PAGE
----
The Goldman letter to shareholders, which accompanied the 2015 annual report, went on to talk about the need for “companies for multicultural women.” “Attracting and retaining the highest-caliber talent also means that we must invest in our people early on in their careers—
the best of whom will become the next generation of leadership at the firm,” the letter said. “Building off the learnings of our biennial People Survey, last year we unveiled a set of new initiatives designed to support junior employees, giving them more flexibility and greater exposure to our client franchise. In 2015, we also selected our newest class of managing directors. In addition to hailing from more than 40 countries, 40 percent of the class of 2015 started at the firm as analysts, a testament to our emphasis on talent development and retention for the long haul.”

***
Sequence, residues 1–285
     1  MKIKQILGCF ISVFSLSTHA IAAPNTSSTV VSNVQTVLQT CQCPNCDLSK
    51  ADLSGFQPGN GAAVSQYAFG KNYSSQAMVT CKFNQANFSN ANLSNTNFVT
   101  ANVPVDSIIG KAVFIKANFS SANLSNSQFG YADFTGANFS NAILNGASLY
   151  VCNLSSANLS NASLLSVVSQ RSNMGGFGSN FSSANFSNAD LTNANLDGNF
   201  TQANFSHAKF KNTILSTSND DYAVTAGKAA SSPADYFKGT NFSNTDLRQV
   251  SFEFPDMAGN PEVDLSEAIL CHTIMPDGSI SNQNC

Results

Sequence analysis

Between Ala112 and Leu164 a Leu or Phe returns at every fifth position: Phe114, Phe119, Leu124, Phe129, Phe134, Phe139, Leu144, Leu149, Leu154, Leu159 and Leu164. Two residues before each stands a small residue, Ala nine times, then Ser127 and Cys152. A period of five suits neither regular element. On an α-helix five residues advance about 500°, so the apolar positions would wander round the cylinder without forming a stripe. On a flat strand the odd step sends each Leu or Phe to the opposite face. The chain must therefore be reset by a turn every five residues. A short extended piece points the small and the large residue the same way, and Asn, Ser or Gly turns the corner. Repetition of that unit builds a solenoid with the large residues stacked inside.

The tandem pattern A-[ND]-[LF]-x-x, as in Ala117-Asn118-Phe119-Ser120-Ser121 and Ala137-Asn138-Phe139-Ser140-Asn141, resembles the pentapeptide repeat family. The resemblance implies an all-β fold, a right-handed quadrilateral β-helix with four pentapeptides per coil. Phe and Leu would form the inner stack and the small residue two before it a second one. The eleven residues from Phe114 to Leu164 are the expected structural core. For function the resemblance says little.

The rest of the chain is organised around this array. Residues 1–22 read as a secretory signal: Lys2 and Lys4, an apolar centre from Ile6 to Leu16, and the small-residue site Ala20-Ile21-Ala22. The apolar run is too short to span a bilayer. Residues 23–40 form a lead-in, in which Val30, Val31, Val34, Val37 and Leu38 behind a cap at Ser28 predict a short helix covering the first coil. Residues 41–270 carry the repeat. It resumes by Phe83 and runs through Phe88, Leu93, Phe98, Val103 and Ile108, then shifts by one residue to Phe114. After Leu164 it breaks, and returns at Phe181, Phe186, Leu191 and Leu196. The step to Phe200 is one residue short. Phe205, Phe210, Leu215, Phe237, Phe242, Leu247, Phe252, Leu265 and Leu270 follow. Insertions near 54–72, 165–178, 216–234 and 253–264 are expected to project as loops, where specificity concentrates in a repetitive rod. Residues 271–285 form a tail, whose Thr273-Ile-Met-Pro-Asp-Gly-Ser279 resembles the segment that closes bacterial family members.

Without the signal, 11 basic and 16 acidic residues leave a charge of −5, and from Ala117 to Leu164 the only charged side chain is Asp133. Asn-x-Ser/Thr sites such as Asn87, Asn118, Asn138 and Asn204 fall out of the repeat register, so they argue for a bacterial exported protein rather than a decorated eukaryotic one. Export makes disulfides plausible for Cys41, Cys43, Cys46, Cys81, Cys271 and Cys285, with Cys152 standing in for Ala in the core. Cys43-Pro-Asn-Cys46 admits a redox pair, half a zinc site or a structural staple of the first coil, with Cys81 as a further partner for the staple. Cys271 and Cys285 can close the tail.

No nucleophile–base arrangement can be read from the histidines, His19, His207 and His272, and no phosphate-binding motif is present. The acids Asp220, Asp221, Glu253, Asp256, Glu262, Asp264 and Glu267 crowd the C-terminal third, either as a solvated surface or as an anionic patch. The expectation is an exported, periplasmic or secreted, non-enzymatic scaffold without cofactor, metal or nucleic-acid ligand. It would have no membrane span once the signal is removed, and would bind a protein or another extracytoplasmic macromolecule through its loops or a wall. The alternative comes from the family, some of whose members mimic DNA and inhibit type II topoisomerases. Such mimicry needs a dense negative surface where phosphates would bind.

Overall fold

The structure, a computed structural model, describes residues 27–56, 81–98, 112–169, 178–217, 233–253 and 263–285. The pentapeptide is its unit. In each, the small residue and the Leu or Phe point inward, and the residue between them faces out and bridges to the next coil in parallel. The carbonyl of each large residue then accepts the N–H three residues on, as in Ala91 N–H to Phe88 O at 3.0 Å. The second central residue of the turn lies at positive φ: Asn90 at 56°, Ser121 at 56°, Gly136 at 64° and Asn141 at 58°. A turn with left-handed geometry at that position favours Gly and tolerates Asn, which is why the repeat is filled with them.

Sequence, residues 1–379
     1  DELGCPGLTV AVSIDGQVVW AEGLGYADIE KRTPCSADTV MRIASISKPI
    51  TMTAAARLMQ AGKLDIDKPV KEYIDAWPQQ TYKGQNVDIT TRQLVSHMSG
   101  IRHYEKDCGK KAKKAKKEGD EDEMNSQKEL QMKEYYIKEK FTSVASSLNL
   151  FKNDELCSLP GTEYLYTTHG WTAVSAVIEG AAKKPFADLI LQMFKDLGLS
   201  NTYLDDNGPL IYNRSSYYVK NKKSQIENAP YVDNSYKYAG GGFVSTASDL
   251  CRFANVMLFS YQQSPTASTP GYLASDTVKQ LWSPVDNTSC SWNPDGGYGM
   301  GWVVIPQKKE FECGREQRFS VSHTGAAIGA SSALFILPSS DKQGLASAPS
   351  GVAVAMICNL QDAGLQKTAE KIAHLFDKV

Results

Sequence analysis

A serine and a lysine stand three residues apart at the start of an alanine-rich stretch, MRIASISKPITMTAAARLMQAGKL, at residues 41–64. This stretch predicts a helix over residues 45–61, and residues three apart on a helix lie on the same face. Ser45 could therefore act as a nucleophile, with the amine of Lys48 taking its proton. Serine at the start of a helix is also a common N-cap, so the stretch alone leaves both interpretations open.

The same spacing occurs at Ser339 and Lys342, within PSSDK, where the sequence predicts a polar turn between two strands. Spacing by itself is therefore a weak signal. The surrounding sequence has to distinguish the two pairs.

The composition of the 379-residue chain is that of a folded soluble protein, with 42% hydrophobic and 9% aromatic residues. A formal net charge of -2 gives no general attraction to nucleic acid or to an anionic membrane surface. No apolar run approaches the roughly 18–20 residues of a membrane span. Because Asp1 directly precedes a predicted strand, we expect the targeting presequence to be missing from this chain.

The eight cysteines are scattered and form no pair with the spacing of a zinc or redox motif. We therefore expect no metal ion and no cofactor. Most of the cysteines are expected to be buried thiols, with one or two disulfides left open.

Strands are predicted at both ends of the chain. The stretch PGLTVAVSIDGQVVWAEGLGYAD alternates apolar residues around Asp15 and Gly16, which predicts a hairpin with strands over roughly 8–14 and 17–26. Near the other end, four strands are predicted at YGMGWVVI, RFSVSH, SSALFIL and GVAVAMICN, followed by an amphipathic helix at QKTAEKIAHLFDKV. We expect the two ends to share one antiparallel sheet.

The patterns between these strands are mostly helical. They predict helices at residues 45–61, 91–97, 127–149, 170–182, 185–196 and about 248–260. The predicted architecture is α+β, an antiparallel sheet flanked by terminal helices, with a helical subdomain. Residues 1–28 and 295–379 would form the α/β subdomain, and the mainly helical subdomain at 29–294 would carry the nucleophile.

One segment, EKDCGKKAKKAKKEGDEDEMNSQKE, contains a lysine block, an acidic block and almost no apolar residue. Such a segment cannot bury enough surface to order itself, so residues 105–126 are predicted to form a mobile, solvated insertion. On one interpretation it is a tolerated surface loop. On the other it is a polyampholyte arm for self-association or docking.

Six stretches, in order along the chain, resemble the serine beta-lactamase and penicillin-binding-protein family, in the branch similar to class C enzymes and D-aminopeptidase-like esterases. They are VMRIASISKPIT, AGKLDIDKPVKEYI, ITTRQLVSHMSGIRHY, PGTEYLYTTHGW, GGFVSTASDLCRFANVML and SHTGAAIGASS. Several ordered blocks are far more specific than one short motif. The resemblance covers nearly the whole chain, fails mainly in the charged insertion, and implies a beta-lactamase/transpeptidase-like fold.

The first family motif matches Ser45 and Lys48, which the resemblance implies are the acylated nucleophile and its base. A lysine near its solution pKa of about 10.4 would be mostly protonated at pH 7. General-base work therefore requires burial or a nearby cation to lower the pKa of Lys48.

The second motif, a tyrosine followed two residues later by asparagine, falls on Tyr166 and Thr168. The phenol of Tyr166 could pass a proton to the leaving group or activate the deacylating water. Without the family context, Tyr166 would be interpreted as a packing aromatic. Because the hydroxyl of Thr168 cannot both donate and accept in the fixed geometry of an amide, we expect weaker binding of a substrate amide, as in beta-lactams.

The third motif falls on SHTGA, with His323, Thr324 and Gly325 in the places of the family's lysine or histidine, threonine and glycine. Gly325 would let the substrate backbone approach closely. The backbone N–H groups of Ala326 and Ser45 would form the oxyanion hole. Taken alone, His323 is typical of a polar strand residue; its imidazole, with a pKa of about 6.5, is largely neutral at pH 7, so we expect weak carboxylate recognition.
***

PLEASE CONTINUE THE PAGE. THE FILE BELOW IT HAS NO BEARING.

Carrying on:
This and other charitable giving seemed to be timed with buying redemption. As the New York Times reported, “Then, in late 2009, the company faced mounting criticism about the billions of dollars it was paying out in bonuses in the wake of the financial crisis. The firm needed some good public relations. And fast. Goldman committed $500 million over five years to another program, 10,000 Small Businesses, which helps businesses in the United States and Britain.”
In 2012, Goldman gave $241.3 million to charity, up from $47 million in 2006. A Goldman employee not authorized to speak on the record told the Times anonymously that the charitable giving is “run as if it’s a Broadway show.” But even the Goldman official authorized to speak to the Times seemed to indicate public relations motives were behind the giving. “Engaging wasn’t just the right thing, it was necessary, especially in the wake of the financial crisis when people said we weren’t doing enough,” said John F.W. Rogers, Goldman Sachs’ chief of staff for philanthropic efforts (New York Times, Oct. 26, 2013).
The Poster Child of Crony Capitalism